To celebrate Epiphany is to join the magi in laying before the Christ everything we have to give, beginning with ourselves. And when we do, we too will find our pride empty, our wisdom lacking, and our gifts overshadowed by God’s gifts to us.
In the time of King Herod, after Jesus was born in Bethlehem of Judea, wise men from the East came to Jerusalem, asking, ‘Where is the child who has been born king of the Jews? For we observed his star at its rising, and have come to pay him homage.’ When King Herod heard this, he was frightened, and all Jerusalem with him; and calling together all the chief priests and scribes of the people, he inquired of them where the Messiah was to be born. They told him, ‘In Bethlehem of Judea; for so it has been written by the prophet: “And you, Bethlehem, in the land of Judah, are by no means least among the rulers of Judah; for from you shall come a ruler who is to shepherd my people Israel.” ’ Then Herod secretly called for the wise men and learned from them the exact time when the star had appeared. Then he sent them to Bethlehem, saying, ‘Go and search diligently for the child; and when you have found him, bring me word so that I may also go and pay him homage.’ When they had heard the king, they set out; and there, ahead of them, went the star that they had seen at its rising, until it stopped over the place where the child was. When they saw that the star had stopped, they were overwhelmed with joy. On entering the house, they saw the child with Mary his mother; and they knelt down and paid him homage. Then, opening their treasure-chests, they offered him gifts of gold, frankincense, and myrrh. And having been warned in a dream not to return to Herod, they left for their own country by another road.
At long last we approach the 12th day of Christmas – Epiphany – and the conclusion of our Christmas celebration. Throughout this joyous season, worship at OPCC has been guided by the image of a star. One Star… Many Lights has been our mantra. One star, that is to say, that not only shines on our lives, but shines as well into and through our lives.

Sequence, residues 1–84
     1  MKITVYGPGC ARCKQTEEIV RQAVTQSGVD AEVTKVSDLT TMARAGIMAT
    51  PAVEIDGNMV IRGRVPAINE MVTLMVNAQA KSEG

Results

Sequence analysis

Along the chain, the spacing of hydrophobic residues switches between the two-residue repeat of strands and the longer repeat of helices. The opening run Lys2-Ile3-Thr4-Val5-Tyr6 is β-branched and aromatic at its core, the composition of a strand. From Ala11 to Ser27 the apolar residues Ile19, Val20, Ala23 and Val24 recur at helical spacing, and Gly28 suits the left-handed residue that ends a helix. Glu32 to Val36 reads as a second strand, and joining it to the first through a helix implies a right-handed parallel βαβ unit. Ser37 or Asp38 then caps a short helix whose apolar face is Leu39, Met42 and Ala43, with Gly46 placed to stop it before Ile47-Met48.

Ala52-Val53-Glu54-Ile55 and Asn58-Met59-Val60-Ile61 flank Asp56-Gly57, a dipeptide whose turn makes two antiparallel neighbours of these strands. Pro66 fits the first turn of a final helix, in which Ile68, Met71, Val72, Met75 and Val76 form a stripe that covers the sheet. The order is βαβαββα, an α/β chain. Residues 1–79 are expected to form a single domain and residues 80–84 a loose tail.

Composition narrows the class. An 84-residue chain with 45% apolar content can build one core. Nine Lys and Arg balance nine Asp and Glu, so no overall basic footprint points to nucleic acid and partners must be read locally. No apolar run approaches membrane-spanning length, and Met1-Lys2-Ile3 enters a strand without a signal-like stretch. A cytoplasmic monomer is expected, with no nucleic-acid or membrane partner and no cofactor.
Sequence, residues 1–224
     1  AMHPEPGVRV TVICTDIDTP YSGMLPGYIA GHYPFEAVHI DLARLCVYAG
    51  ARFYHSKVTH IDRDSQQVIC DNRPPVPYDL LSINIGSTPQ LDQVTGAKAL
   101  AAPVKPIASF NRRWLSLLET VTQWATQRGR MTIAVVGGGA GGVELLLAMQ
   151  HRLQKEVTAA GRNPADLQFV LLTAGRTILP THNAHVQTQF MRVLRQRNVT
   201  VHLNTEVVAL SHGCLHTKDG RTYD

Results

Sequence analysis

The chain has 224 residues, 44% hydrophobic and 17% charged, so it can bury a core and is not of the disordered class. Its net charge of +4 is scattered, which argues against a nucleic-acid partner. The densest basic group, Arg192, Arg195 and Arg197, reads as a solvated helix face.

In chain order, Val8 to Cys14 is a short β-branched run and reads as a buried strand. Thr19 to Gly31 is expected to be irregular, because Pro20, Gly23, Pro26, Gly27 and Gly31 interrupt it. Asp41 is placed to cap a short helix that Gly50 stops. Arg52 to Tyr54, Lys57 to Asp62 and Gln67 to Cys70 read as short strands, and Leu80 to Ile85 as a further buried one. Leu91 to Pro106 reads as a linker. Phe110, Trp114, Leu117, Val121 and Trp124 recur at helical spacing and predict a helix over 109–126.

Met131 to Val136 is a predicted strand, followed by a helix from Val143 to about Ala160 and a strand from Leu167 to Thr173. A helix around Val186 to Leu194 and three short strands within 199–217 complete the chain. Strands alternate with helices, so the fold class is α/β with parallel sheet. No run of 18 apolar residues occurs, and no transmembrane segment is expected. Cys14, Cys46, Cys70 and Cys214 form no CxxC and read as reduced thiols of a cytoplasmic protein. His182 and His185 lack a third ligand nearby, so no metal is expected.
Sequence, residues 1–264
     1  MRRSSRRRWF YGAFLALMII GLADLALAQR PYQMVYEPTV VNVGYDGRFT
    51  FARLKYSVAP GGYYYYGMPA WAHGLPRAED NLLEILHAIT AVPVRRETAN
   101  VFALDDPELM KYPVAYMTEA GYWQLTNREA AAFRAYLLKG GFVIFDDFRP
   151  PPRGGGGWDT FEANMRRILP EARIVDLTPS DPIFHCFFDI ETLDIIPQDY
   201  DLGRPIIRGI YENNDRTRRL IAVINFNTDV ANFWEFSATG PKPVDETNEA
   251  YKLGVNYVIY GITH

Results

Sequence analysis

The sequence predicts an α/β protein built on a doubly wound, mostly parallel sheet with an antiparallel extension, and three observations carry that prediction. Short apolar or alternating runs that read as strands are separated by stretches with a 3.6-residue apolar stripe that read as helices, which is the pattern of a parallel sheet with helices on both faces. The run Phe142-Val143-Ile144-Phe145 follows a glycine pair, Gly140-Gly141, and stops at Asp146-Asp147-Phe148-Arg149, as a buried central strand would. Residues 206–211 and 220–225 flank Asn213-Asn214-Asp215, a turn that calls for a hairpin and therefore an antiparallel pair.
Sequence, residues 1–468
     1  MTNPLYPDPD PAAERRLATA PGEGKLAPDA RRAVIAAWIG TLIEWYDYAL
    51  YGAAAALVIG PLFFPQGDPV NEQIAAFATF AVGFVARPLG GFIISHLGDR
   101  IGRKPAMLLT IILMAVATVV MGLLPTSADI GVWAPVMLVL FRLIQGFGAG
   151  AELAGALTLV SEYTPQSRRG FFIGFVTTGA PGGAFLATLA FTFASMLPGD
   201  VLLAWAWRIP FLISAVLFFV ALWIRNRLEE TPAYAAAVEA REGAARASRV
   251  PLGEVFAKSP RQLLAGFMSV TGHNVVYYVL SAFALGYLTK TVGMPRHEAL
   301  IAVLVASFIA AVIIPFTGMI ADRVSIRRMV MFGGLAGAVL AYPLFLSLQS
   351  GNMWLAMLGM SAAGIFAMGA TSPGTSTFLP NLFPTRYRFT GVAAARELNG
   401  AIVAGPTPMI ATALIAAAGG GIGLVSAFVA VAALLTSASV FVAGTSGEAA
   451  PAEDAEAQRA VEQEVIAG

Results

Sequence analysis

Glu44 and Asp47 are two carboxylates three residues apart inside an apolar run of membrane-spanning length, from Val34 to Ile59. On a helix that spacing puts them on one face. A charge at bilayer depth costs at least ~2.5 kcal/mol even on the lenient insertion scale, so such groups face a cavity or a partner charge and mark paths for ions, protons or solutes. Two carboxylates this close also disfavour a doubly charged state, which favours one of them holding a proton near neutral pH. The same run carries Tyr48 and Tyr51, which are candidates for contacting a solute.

This image is particularly appropriate for Epiphany, for the star plays a central role in the story Matthew recounts. It was a star that seduced the Magi, lured them from their home far away, and guided them to Bethlehem. And what better image to represent Epiphany, which is itself a shining forth or revealing? In its light we see clearly for the first time, and the sight we behold changes our lives dramatically, just as it changed the lives of our ancient friends, the Magi.
But here, at long last, the image must change. For when all is said and done it is not a star we seek; one unique star that will continue to guide our steps. It is not a star whose nature is illuminated by the story. It is, rather, something like a star that we seek; something – or someone – whose impact is so very star-like: it illumines, it guides, it warms, it enlivens, it animates, it inspires, and it empowers us to live abundantly and fully.
The expression – choose something like a star – of course derives from the poem of the same name by Robert Frost. In part the poem reads:
O Star (the fairest one in sight),
We grant your loftiness the right
To some obscurity of cloud…
Some mystery becomes the proud…
It asks a little of us here.
It asks of us a certain height,
So when at times the mob is swayed
To carry praise or blame too far,
We may choose something like a star
To stay our minds on and be staid (calm).
As we gather for worship on Sunday, it will not be a star we seek. Rather, we will seek something like a star; we will seek the One whose luminous nature is reflected meagerly in the star’s light. And I hope you will join us.